Machine learning models and automated algorithms can analyze patient data. In turn, it can provide insights and suggestions for optimizing patient care. Predictive analysis can also anticipate patient outcomes. Data automation techniques can identify potential patient risks and complications, then provide treatment suggestions.
Automating administrative tasks like appointment scheduling and patient refills improves the experience for both the customer and the employee. Other tedious tasks like billing, patient coding, and submitting claims to insurance companies can be automated. This improves efficiency and reduces manual errors.
Retail and e-Commerce
Retail and e-Commerce operations often involve large volumes of data. That data must be constantly processed and analyzed—quickly. The faster transactions are made and orders fulfilled, the higher the profits.
Data automation can optimize supply chain and inventory management. Predicting demand and coordinating stock levels saves businesses from expired or obsolete products before they can sell them. Machine learning models analyze sales data and customer behavior. The models account for external factors like weather and holidays to forecast demand and optimize supply chain management accurately.
Retailers frequently use data automation to dynamically evolve and adjust pricing strategies on market trends, customer demand, and competitor activity. Based on recent behavior, these methods provide dynamic pricing and promotions to individual customers or segments.
Everyone loves a personalized customer experience. Customers who feel like a business understands their preferences and needs are likelier to buy, recommend, and repurchase. Data automation can tailor product recommendations, offers, and content based on customer browsing and purchase history, demographics, and location.
Challenges of Data Automation
Data automation presents numerous challenges that primarily involve the data itself. Data automation is only effective if the data is accurate, timely, and usable. Data quality can lead to good analysis and good decisions. Complex data or large volumes of information can negatively impact data automation scalability and performance.
Data Quality and Integrity
Poor data quality is a common challenge when cleansing and validating data for automation. Raw data is often incomplete, inaccurate, inconsistent, or sometimes missing.
Data cleaning and validation must comply with the organization’s data governance policies. This is especially true with data retention and deletion policies. Tracking multiple compliance standards can make efficient data management challenging. Additionally, ensuring data privacy and security can be difficult during validation. Data must be protected from unauthorized access, theft, or misuse during transit between systems.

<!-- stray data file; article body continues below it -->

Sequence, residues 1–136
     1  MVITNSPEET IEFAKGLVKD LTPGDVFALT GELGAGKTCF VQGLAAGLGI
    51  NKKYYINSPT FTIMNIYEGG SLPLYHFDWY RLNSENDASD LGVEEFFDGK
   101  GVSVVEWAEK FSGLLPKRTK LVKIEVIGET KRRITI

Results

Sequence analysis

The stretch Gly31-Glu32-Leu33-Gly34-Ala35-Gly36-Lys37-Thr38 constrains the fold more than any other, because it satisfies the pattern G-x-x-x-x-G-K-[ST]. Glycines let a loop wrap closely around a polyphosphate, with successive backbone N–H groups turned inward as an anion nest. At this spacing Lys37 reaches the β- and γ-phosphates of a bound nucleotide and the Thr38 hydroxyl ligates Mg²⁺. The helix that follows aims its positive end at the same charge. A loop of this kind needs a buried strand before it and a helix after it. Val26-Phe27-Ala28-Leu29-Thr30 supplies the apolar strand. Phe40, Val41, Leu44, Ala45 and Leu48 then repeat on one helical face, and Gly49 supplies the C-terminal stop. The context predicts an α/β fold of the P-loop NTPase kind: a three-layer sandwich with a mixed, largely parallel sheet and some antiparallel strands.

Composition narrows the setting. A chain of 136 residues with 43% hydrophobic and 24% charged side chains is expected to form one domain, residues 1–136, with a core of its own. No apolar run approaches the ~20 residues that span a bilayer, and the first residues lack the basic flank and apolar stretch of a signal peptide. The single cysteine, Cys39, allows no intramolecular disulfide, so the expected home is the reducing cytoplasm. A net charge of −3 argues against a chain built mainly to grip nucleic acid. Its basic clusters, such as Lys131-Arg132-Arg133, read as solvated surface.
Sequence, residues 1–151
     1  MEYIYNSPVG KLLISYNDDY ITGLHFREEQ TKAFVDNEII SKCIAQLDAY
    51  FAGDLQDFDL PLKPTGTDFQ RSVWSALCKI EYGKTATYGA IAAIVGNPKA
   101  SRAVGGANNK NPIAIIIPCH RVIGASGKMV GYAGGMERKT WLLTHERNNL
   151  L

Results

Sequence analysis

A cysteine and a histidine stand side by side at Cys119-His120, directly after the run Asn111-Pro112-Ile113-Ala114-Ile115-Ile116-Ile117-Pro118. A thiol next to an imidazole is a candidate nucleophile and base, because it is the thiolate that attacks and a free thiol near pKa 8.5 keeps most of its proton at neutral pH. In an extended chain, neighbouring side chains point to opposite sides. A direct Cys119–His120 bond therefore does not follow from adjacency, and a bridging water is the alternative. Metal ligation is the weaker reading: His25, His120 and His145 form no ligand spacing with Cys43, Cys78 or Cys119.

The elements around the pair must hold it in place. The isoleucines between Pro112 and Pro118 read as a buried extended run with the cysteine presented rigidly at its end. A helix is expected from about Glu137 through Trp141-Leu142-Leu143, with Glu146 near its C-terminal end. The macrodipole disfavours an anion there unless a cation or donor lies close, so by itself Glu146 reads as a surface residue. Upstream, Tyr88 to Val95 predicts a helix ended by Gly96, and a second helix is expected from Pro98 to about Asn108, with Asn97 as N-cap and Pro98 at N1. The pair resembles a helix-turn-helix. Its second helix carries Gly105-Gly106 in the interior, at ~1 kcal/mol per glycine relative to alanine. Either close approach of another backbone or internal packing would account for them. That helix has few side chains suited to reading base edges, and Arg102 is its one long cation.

Scalability and Performance
Scalability and performance can become a challenge for data automation. As data becomes more complex or increases in volume, the speed and interpretation of data automation and analysis are negatively impacted.
Businesses must choose the right tools and platforms to meet their data strategy, requirements, and solutions. Tools should also be able to adapt to changing business needs.
Data Automation Tools
The benefits of robust data automation tools are far-reaching. Data automation tools perform and automate data extraction, transformation, and loading tasks. They can also safely and effectively store and manage data.
The long-term benefits of using powerful data automation tools include:
- Reduction in human errors
- Heightened productivity across departments
- Better employee and customer experiences
- Cost savings
- Improved resource allocation (time and talent)
- Faster data processing
- Expanded access to valuable data when making business decisions
- Increased sales and higher profits
Revelate supports data-driven innovation, enabling businesses to generate valuable insights and speed up decision-making. Teams can integrate Revelate into the BI, analytics, or data science tools they already use. More data can be accessed quickly and easily from an internal data marketplace. This data can expand models or reports.
Break down silos across supply chains, partner networks, or internally between departments by providing insights across the entire organization. With Revelate, data can still reside at the source and be shared among groups honoring related data rights and privileges.